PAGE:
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This article was published 30/7/2010 (4190 days ago), so information in it may no longer be current.
By Assaf Gavron
HarperCollins, 328 pages, $19
THIS darkly comic and profoundly moving novel should be compulsory reading for everyone who ventures an opinion on the Israeli-Palestinian conflict.
Israeli author Assaf Gavron follows the lives of two men during the Second Intifada, alternating between their two voices and personal narratives.
Eitan Enoch is a 30-something Israeli yuppie who survives three terrorist attacks in one week; Fahmi Sabih is a 20-something Palestinian who builds the bombs used in these attacks.
The novel, translated into English from its original Hebrew, illustrates what it is like to live in a place where the stress of daily life is truly different than anywhere else in the world.
Eitan, nicknamed Croc, is haunted by all those who have been killed instead of him, among them his fellow travellers on a Tel Aviv mini-bus, the soldier he picked up hitchhiking, the woman whom he trades seats with at a Jerusalem café, and his childhood friend who died in Lebanon at the very hour that Croc himself came under attack in the West Bank.
Fahmi, too, is haunted by voices and images. These include his parched mother begging for water, his proud father beseeching him not to follow in the path of his older fundamentalist brother, the village girl he loved and left behind, and the gentle Russian-Israeli nurse who bathes and encourages him as he lies in a coma following a failed terrorist attack.
Both of the men's voices are clear, unadulterated and brimming with wit, poignancy, intelligence and honesty.
What they each observe and comment on speaks volumes about Israelis and Palestinians and the memory and mentality that guides and often misguides their actions and reactions.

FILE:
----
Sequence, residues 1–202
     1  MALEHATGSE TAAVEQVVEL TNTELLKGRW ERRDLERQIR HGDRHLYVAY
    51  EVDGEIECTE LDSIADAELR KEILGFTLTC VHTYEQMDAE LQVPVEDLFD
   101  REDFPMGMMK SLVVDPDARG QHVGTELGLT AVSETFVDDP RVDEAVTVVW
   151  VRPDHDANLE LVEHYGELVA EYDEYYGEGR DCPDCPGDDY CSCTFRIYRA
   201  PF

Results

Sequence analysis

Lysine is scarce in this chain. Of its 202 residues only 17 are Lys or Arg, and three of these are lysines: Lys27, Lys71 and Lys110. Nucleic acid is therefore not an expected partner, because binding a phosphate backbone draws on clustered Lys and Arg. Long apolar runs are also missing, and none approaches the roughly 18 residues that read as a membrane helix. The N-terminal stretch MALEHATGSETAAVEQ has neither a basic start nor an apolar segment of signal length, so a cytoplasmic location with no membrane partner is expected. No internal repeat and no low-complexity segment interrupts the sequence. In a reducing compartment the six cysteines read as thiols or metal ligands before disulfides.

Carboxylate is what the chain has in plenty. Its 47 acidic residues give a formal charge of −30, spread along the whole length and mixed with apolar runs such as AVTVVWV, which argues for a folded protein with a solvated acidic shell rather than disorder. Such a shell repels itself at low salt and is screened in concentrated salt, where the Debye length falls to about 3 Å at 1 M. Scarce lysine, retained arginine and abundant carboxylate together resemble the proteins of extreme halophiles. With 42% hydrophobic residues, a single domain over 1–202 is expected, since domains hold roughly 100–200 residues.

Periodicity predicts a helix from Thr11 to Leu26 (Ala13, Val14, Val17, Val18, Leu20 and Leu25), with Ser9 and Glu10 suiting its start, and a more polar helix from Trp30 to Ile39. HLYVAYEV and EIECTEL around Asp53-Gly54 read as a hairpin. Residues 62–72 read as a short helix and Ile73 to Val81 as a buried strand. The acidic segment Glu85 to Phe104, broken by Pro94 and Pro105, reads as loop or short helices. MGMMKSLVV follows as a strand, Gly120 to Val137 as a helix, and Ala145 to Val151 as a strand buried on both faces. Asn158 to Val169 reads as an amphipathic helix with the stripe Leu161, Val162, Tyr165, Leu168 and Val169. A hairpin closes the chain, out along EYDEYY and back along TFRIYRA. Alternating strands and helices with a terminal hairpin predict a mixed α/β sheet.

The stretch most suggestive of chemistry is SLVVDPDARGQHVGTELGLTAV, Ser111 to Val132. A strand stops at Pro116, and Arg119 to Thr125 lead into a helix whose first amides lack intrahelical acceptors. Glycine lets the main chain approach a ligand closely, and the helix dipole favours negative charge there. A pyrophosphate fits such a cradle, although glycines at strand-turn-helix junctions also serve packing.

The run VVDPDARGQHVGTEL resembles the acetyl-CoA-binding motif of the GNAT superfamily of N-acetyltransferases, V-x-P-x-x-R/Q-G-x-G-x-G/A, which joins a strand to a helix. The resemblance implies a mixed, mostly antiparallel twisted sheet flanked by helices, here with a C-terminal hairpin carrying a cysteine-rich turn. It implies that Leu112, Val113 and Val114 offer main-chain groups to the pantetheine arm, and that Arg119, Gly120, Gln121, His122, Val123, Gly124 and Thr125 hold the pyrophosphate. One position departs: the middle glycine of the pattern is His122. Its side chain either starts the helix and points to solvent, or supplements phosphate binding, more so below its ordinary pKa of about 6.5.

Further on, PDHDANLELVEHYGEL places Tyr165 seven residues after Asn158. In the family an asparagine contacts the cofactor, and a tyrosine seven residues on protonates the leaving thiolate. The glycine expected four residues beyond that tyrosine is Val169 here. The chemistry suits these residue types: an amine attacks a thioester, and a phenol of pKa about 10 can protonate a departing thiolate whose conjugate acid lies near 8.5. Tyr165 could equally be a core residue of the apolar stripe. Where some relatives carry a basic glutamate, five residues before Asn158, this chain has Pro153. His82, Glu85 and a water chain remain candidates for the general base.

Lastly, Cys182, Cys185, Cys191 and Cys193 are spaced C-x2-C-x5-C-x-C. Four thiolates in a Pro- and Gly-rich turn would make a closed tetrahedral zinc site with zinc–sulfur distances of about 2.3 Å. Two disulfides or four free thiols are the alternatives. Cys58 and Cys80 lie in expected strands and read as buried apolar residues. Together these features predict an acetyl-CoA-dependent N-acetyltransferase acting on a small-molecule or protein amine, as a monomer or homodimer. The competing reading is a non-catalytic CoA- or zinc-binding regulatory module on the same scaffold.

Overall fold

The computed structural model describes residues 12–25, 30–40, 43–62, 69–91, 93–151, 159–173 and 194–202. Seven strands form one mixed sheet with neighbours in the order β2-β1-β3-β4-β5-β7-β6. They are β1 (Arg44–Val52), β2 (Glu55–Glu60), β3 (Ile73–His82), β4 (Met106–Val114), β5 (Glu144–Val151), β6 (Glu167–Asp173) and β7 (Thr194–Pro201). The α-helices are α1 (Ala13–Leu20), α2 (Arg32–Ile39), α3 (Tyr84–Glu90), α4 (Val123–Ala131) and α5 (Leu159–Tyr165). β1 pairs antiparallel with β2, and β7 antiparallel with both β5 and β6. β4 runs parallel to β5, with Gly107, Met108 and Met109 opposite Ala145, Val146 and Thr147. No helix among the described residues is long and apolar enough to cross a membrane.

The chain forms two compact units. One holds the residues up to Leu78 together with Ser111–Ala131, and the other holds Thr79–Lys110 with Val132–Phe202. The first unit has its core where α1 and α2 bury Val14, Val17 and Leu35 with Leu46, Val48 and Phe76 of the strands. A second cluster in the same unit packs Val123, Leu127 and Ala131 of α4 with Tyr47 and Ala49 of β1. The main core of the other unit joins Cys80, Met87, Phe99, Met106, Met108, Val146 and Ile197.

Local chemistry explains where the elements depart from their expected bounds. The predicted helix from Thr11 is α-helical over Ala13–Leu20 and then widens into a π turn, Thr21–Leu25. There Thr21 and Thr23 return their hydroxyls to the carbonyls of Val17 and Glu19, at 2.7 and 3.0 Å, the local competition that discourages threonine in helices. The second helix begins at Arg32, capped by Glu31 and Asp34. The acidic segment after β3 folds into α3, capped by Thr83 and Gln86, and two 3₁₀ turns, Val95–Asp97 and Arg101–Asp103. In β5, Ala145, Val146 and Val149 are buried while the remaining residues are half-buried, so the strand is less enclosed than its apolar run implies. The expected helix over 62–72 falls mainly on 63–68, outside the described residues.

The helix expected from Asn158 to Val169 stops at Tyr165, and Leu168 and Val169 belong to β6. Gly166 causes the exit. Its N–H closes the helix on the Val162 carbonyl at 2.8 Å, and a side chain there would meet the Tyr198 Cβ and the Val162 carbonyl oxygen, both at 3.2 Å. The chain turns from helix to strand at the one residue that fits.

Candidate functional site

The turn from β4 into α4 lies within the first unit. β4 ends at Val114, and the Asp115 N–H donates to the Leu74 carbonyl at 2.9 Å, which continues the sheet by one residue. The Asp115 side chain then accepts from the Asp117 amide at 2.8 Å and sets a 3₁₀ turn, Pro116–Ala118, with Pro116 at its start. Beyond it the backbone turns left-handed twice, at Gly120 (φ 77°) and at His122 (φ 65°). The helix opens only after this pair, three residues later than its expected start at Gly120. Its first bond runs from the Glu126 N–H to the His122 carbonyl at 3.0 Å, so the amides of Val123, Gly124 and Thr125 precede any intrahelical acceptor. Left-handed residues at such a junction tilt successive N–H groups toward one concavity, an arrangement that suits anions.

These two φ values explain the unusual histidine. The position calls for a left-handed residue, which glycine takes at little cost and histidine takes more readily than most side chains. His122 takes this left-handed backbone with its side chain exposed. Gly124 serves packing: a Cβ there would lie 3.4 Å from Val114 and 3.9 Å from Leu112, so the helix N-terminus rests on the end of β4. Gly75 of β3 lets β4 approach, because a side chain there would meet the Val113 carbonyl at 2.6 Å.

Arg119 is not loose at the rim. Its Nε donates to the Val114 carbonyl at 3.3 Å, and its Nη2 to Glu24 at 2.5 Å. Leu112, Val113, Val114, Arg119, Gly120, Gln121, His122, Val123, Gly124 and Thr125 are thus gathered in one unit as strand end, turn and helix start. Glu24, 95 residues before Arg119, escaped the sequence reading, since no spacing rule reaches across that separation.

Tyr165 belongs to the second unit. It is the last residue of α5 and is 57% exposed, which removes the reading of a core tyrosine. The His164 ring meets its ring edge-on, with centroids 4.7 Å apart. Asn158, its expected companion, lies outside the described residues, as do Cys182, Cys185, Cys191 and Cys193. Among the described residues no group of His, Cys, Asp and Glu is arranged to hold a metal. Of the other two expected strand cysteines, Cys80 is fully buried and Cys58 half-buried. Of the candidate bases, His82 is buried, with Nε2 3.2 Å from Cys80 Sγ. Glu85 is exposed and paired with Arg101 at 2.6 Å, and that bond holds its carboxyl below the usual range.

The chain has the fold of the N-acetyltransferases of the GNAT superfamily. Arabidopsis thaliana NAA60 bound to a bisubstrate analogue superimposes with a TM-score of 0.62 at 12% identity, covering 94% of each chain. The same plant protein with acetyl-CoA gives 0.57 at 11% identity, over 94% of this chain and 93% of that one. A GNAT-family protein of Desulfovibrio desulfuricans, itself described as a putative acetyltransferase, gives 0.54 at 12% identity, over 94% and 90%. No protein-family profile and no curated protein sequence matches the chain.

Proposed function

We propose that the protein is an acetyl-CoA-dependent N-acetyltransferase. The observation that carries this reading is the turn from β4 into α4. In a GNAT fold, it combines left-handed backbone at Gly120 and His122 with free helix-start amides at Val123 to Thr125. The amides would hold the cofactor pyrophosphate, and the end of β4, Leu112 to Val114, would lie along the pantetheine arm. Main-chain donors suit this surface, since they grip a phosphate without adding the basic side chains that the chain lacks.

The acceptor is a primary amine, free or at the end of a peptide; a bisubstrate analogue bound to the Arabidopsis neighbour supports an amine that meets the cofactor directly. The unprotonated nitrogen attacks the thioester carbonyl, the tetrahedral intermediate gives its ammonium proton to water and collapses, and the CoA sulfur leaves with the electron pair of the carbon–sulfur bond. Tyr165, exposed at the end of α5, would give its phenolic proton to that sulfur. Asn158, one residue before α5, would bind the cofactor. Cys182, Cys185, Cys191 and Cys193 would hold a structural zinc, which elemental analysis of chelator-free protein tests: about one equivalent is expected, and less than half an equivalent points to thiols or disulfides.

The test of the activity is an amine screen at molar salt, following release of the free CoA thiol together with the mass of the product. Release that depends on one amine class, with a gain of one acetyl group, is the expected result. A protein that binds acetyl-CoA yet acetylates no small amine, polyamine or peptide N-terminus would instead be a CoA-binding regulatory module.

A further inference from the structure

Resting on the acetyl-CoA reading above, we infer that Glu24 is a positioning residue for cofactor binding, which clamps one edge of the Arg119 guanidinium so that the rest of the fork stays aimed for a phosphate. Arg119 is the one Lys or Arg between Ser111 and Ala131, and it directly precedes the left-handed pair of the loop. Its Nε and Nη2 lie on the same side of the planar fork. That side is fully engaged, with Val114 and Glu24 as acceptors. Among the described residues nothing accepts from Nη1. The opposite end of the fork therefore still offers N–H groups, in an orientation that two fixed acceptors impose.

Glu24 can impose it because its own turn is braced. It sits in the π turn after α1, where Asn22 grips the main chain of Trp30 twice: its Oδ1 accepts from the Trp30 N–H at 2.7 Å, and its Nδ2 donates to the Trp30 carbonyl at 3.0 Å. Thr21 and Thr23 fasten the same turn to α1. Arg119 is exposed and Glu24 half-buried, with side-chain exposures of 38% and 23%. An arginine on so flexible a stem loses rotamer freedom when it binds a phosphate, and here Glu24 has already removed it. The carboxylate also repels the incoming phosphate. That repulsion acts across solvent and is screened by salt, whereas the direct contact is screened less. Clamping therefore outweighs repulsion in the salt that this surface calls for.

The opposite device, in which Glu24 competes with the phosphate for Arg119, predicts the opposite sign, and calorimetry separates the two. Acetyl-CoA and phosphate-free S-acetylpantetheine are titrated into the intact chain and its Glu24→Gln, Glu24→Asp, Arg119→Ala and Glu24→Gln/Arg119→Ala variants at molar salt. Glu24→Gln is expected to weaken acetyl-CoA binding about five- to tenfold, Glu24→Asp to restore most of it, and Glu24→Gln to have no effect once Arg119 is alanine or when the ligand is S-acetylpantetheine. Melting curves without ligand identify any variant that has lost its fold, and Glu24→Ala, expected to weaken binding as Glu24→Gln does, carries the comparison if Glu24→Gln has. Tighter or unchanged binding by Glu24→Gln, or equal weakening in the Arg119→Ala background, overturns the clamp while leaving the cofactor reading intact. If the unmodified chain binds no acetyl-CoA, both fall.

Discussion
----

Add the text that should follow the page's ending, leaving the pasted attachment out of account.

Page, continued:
"You feel your turn waiting for you round the next corner," Croc says after surviving his second attack. "Yours, or someone you love. It is embodied in the geography. It is encoded in the national genes. With every attack the feeling gets stronger: that the death of someone close to you is getting nearer by the moment: next week, the next street, tomorrow, today, and then suddenly it's right there."
Later, Fahmi, grenade in hand, reflects, "You wanted your life to have a purpose. But will it matter at all, to anyone or anything, if you take your finger out of the ring ... Does it matter if you build a bomb? Rot in the ground? Start university? Go to Australia? Hold the grenade to your chest or throw it away?"
Like Canadian-Israeli author Edeet Ravel's haunting 2003 novel, 10,000 Lovers, Almost Dead is a story about the people affected daily by the Israeli-Palestinian conflict, the ambivalence they often feel toward each other and toward the land, and the way in which that conflict affects everything that they say and do.
In spite of their keen observations, neither Croc nor Fahmi is particularly likable; Croc because he is cynical and self-absorbed and Fahmi because he chooses bomb-making over love and university.
But it is this, their unheroic nature, their very ordinariness, that makes their converging story so effective.
And it is this story, well told and well balanced, that makes this novel so powerful and engaging.
Sharon Chisvin is a Winnipeg writer and editor.